And now Burns is doing projects at museums, like the one he completed this past January in Bergamo, Italy, called Sacred Conversations. He and Young organized original digital photographs into a synchronous pattern. “We used elements from the museum’s permanent collection and from the city. We think of the artwork as a portrait of the place.”
In choosing the images, he said, “we were not just thinking about the flora and fauna or historic importance. We tried to capture different elements that invoke a feeling of what makes that place feel familiar to the people who live there. It’s exciting both for people who grew up there and visitors.”
To create the artwork that adorns the stairwell the connects the galleries of Accademia Carrara, “we immersed ourselves in the city of Bergamo. We walked all of the streets and alleys of the old city on the hill called Citta Alta. We explored cathedrals, monasteries, castles, parks, cafes and libraries. We met with the city’s historians and we toured the streets and historic buildings with expert guides. We photographed things that stand out in public spaces. We documented elements from the historic library, the cathedrals, the opera house, the botanical gardens and details throughout Bergamo,” Burns wrote on the Fallen Fruit website.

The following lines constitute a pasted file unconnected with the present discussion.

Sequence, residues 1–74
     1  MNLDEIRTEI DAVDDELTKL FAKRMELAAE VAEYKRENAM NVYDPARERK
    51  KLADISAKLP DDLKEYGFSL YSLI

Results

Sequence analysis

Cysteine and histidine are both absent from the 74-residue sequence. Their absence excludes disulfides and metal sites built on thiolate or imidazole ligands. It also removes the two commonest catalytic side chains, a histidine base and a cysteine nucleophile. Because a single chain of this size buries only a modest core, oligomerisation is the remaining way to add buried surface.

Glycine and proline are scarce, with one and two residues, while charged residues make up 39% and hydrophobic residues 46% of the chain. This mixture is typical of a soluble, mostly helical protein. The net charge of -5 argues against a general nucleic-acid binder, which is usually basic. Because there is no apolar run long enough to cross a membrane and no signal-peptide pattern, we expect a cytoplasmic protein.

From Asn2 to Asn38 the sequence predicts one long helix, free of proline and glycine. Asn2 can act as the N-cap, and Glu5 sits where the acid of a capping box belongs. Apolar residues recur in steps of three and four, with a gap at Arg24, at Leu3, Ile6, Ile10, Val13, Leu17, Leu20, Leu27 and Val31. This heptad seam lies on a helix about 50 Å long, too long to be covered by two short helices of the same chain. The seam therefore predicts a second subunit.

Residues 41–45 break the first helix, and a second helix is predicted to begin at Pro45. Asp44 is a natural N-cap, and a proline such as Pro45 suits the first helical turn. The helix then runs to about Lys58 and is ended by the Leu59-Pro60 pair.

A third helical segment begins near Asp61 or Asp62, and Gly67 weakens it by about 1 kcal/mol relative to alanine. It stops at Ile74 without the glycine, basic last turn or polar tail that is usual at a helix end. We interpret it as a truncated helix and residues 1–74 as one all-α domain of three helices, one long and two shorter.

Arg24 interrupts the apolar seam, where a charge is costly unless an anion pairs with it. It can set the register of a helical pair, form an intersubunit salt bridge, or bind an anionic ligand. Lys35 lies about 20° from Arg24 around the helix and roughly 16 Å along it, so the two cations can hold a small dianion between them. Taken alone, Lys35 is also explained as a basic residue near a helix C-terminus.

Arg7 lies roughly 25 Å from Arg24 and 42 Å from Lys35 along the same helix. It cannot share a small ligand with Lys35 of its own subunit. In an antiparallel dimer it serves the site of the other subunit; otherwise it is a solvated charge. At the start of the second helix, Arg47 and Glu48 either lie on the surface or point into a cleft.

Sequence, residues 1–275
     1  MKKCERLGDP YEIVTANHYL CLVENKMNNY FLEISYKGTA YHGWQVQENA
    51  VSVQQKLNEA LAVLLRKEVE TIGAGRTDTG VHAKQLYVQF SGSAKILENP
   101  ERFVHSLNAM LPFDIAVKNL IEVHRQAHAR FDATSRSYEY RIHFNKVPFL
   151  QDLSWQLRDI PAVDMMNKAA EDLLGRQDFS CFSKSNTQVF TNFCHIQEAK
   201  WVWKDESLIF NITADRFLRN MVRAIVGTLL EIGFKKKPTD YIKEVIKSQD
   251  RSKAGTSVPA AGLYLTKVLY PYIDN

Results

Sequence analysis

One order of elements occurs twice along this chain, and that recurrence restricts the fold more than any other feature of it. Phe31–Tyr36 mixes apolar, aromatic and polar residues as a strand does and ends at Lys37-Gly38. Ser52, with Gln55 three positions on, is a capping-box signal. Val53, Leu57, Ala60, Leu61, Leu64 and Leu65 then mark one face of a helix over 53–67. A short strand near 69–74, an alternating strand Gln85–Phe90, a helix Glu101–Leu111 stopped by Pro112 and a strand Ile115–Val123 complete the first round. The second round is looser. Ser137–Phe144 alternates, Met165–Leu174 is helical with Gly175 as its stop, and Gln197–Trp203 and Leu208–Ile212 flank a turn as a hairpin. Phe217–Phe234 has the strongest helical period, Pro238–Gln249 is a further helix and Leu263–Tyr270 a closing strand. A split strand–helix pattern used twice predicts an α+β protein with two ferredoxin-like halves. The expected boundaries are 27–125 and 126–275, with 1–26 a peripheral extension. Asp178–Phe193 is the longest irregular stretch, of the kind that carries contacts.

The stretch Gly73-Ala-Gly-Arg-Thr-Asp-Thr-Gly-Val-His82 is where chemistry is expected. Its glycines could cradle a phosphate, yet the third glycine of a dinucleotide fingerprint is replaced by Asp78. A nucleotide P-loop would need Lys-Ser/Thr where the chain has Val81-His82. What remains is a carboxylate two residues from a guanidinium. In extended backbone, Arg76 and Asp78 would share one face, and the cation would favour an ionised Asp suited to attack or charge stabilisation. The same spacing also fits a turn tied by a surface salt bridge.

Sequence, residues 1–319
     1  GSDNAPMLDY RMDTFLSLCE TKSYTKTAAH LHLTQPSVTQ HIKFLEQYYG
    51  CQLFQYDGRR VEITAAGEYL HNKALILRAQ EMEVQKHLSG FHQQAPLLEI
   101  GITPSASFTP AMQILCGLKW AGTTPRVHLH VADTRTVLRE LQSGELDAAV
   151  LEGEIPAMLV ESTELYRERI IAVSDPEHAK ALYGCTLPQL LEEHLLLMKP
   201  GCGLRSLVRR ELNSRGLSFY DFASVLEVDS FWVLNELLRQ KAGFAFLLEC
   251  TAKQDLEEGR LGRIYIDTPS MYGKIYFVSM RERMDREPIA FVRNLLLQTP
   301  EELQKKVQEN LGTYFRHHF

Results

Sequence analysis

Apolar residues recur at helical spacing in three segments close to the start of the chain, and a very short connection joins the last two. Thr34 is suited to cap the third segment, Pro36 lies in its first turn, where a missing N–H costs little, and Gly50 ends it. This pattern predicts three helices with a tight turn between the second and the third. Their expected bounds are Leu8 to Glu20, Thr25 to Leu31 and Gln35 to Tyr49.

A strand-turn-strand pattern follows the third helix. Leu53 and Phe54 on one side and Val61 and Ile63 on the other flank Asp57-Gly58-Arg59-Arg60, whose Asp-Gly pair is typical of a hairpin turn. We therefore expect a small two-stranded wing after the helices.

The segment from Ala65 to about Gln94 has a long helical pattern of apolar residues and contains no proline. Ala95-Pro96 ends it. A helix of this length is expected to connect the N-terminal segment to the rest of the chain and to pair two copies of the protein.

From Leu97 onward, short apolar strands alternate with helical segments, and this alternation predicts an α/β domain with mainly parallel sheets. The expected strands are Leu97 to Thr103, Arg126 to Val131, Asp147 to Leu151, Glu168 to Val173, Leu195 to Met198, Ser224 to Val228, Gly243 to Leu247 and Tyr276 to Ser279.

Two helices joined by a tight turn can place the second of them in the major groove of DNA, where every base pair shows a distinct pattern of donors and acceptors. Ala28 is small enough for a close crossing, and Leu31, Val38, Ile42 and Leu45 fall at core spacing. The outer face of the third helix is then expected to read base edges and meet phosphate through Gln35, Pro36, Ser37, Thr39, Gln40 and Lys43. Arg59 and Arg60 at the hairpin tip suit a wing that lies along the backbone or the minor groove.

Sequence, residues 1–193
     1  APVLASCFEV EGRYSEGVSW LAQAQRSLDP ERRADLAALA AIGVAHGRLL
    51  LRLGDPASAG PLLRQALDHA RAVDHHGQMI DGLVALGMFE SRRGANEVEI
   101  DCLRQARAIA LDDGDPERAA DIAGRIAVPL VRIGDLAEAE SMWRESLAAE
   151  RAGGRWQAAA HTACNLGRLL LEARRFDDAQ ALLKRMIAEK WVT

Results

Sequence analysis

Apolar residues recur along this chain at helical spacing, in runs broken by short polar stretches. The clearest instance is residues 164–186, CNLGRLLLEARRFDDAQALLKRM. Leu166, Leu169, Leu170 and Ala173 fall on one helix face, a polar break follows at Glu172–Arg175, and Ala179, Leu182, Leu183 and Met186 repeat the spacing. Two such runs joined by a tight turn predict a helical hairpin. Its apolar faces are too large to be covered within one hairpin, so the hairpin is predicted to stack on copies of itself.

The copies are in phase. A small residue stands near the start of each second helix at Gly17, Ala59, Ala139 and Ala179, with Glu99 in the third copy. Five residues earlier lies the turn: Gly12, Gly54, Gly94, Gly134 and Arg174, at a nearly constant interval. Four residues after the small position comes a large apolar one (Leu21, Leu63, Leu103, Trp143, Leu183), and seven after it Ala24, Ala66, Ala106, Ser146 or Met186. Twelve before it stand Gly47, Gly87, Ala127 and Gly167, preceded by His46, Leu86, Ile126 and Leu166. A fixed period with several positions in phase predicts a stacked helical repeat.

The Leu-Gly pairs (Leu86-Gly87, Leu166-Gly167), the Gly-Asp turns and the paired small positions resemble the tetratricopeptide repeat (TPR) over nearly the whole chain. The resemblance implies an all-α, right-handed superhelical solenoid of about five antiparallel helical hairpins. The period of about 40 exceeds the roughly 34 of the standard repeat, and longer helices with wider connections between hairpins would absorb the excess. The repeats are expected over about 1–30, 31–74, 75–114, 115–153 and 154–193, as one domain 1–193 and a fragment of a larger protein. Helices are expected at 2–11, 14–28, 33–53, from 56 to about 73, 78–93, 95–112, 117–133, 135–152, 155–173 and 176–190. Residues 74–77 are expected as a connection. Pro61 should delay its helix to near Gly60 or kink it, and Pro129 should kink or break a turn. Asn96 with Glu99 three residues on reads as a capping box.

They have done similar projects in Rome; Puerto Vallarta; Linz, Austria; Melbourne, Australia; Tel Aviv; Bergen, Norway; and London.
Closer to home, Fallen Fruit received funding from Sprouts and Kelly Clarkson after appearing on her show last year. With that funding, they are replanting the farm at the University of Redlands campus so from the street front into the farm is a public orchard. There will be herbs for cooking, Burns said. “It will be available to everyone.”
Burns would like to take another look at his 2018 proposal for planting fruit trees along the walking trail around Lake Gregory.
“This is such a naturally great growing climate for many types of fruit,” he said. Growing up, he and his family would come up to Crestline – to the house he now lives in. He remembers eating peaches from the tree on that property. Pomegranates would also be happy here, he said, as well as persimmons, figs, all berries, cherries and pears. And, of course, there are historic apple orchards on the mountain.
Folks may have seen Burns at farmers markets on the mountain, selling his plants and seeds. He hopes to be back out there this year, in between his worldwide projects. For information on what he has to offer, visit www.plantsandseeds.org or email Burns at [email protected].